Being president involves a lot of stress, woe, and impossible-decision making. That’s why all of them, Barack Obama included, look a generation or two older when leaving office than they did when coming in. (For more on the theory of why being president is hard, check “Obama, Explained.”)
Here’s the part of the job I have always imagined would be the most unadulterated fun. No, not pardoning one of the poor Thanksgiving turkeys, leaving the other to its doom. Rather it’s exercising a president’s on-his-own power, under the Antiquities Act of 1906, to proclaim new National Monuments and thus preserve and protect the nation’s heritage.
Theodore Roosevelt put this power to immediate effect by creating the Devil’s Tower National Monument, now additional famous via Close Encounters of the Third Kind, in 1906. During our travels in Ajo, Arizona (and in my current article), we described the importance of the Organ Pipe Cactus National Monument, created by Franklin Roosevelt in 1937.
As of yesterday, the total of these protected sites was some 117. Today the total is 120, thanks to President Obama’s designation of three desert sites in Southern California: Mojave Trails, Castle Mountain, and Sand to Snow. The contours of the monuments may look a little strange, as shown below, but that is largely because they follow natural mountain and valley contours, and are amid other protected lands.
This announcement coincided with the president’s travel to Palm Springs, immediately adjoining one of these areas, for an ASEAN meeting at the Sunnylands center. And it followed a long push by California’s Senator Dianne Feinstein to protect the three areas. The Sand to Snow monument, more mountain than desert, has a surprisingly rich diversity of plants and animals. The flatter desert areas faced encroachment from development in general, and in particular from rapid recent installation of solar and wind-power farms. Yes, even clean energy involves its tradeoffs.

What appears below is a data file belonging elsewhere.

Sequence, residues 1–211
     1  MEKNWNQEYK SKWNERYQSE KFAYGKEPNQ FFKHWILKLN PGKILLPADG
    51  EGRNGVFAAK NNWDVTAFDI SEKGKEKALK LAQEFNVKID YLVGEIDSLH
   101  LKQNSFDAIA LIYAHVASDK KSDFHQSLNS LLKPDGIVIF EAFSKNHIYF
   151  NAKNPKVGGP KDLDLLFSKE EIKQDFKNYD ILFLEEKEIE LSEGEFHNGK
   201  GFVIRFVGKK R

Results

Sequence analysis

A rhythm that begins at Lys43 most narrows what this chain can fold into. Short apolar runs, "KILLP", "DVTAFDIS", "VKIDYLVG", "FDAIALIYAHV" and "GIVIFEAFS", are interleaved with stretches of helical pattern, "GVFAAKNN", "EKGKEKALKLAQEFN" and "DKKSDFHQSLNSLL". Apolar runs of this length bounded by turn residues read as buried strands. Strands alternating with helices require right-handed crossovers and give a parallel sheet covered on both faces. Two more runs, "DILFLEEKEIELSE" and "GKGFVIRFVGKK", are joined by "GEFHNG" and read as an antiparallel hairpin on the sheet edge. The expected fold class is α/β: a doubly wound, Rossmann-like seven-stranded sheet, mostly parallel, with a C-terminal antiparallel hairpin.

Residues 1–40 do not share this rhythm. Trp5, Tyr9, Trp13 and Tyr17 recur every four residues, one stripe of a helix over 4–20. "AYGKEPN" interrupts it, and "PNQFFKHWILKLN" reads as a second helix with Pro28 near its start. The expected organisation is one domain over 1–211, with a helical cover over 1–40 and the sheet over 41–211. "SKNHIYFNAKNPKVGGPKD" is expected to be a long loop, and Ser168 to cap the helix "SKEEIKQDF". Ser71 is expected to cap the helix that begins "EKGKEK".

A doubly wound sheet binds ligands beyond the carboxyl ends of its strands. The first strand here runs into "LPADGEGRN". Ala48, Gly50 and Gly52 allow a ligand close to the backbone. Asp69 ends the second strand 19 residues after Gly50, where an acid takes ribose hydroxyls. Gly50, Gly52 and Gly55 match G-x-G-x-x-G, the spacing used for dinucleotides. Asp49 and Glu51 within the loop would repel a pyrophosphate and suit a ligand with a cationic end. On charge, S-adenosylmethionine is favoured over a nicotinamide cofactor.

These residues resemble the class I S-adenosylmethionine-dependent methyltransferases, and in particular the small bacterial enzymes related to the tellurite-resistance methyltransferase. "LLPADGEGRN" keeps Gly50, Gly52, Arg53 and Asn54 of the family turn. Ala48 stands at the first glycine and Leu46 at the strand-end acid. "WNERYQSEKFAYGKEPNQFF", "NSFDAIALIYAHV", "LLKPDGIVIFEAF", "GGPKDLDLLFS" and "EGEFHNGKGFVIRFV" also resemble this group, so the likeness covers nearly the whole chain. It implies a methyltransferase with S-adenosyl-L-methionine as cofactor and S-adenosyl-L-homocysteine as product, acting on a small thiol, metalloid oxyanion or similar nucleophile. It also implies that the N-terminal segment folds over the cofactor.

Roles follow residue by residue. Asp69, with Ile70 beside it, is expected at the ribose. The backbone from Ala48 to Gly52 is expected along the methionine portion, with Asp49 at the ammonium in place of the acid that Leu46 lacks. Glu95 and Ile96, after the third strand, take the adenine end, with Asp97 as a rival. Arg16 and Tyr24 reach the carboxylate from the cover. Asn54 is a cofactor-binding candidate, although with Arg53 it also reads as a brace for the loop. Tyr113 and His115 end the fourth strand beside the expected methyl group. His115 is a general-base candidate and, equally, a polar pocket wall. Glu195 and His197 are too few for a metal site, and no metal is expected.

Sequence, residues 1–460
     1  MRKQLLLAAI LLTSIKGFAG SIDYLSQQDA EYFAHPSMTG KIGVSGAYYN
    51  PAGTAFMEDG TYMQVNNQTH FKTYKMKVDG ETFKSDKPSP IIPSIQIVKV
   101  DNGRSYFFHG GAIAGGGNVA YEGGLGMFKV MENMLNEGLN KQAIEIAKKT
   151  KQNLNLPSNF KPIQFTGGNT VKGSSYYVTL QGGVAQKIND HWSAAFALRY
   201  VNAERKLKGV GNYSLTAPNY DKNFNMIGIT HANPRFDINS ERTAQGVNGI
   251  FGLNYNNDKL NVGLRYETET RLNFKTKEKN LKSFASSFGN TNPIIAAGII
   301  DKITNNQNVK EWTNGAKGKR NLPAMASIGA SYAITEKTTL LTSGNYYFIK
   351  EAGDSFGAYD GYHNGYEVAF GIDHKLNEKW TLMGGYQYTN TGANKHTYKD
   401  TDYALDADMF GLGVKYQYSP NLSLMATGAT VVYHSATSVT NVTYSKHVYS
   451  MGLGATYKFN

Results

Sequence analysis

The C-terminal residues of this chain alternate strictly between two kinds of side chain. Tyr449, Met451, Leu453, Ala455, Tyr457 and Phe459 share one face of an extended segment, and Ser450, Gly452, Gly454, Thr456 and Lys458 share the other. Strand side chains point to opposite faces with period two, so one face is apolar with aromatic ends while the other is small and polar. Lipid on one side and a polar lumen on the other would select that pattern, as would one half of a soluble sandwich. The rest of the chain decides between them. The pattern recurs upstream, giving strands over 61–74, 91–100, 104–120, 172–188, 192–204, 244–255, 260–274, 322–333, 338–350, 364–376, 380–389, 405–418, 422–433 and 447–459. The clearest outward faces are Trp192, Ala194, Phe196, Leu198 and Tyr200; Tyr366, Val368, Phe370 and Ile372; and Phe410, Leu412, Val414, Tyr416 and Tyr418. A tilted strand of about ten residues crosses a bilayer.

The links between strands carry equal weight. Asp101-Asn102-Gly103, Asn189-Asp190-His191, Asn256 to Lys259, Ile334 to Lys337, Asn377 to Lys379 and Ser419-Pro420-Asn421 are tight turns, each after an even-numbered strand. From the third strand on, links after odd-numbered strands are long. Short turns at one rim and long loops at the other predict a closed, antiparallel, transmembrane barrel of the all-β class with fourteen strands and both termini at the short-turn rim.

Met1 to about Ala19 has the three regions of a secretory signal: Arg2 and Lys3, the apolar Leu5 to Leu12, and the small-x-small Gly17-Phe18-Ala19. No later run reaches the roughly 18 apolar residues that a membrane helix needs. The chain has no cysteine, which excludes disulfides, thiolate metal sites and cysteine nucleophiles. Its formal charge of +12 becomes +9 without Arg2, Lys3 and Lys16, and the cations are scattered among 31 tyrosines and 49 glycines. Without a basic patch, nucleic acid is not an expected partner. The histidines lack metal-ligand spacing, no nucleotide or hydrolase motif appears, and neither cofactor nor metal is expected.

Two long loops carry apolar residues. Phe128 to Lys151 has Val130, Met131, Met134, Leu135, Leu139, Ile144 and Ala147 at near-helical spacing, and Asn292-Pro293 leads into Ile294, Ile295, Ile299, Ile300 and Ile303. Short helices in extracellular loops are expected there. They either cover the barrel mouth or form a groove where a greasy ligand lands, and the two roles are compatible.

It’s been a contentious struggle, as this LA Times story lays out. Another source of opposition was the off-road motorist community, which objected to the limits that National Monuments place on driving over the terrain. For instance, one of them told the Riverside Press-Enterprise “All those little dead-end spurs that people venture down in order to disperse and find solitude, those are the ones that will all be closed.” But the case for preservation won out. Feinstein’s letter to Obama last year making the case for the protection is in a PDF here; her reaction to today’s announcement is here. And here is a clearer idea of where the new areas fit in California, with the same color scheme as above.
Why do I mention this? First, because in an era of national-level political impasse, to me it is encouraging that a leader, regardless of party, can take such a step in the broadest national interest. Nothing is forever, but preserving wild land is as close to a permanent effect as a president can ever have.
Also, these join the American Futures cavalcade because the Sand to Snow National Monument adjoins cities we have reported on: Redlands, San Bernardino, and Riverside. And while this matters only to me, these happens to be the areas where I went on camping expeditions as a Boy Scout, and that my father explored with his friends on their trail-riding trips. (National Monuments have varying rules about camping, but most permit it in some form. I don’t know about horses.)
Here is an interactive map from the Wildlands Conservancy, with Esri “story map” software, telling about Sand to Snow.
Several times last year, while traveling from Ajo to San Bernardino for reporting, we passed right by Mount San Gorgonio, around whose flanks the Sand to Snow monument is located. This is how it looked from the south a year ago this week, during the heart of California’s long drought. If I’ve worked out the maps right, much of what you see is now protected by today’s order.
The pace of land protection often picks up in a president’s final year. This is a good start for 2016, President Obama! Don’t slack off now.
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